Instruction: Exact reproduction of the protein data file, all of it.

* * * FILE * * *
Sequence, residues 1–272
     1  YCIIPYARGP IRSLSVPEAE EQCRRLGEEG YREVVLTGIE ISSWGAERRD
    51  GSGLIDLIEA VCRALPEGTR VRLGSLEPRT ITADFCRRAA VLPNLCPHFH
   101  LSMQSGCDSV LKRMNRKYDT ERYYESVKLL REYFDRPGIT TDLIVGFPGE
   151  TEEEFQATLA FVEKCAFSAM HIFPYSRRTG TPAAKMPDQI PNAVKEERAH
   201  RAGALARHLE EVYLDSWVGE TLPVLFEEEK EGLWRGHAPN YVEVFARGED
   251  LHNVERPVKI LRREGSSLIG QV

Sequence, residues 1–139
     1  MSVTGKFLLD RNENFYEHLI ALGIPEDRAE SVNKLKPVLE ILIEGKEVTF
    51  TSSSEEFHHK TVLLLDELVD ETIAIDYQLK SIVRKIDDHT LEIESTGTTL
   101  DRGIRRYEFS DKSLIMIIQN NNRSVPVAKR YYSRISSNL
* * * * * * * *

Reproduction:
Sequence, residues 1–272
     1  YCIIPYARGP IRSLSVPEAE EQCRRLGEEG YREVVLTGIE ISSWGAERRD
    51  GSGLIDLIEA VCRALPEGTR VRLGSLEPRT ITADFCRRAA VLPNLCPHFH
   101  LSMQSGCDSV LKRMNRKYDT ERYYESVKLL REYFDRPGIT TDLIVGFPGE
   151  TEEEFQATLA FVEKCAFSAM HIFPYSRRTG TPAAKMPDQI PNAVKEERAH
   201  RAGALARHLE EVYLDSWVGE TLPVLFEEEK EGLWRGHAPN YVEVFARGED
   251  LHNVERPVKI LRREGSSLIG QV

Sequence, residues 1–139
     1  MSVTGKFLLD RNENFYEHLI ALGIPEDRAE SVNKLKPVLE ILIEGKEVTF
    51  TSSSEEFHHK TVLLLDELVD ETIAIDYQLK SIVRKIDDHT LEIESTGTTL
   101  DRGIRRYEFS DKSLIMIIQN NNRSVPVAKR YYSRISSNL